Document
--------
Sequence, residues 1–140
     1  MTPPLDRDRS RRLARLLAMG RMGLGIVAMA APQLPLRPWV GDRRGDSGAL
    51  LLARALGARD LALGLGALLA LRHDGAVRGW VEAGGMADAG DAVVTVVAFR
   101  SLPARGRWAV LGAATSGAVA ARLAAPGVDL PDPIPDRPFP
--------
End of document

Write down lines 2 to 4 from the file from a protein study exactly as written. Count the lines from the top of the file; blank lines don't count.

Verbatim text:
     1  MTPPLDRDRS RRLARLLAMG RMGLGIVAMA APQLPLRPWV GDRRGDSGAL
    51  LLARALGARD LALGLGALLA LRHDGAVRGW VEAGGMADAG DAVVTVVAFR
   101  SLPARGRWAV LGAATSGAVA ARLAAPGVDL PDPIPDRPFP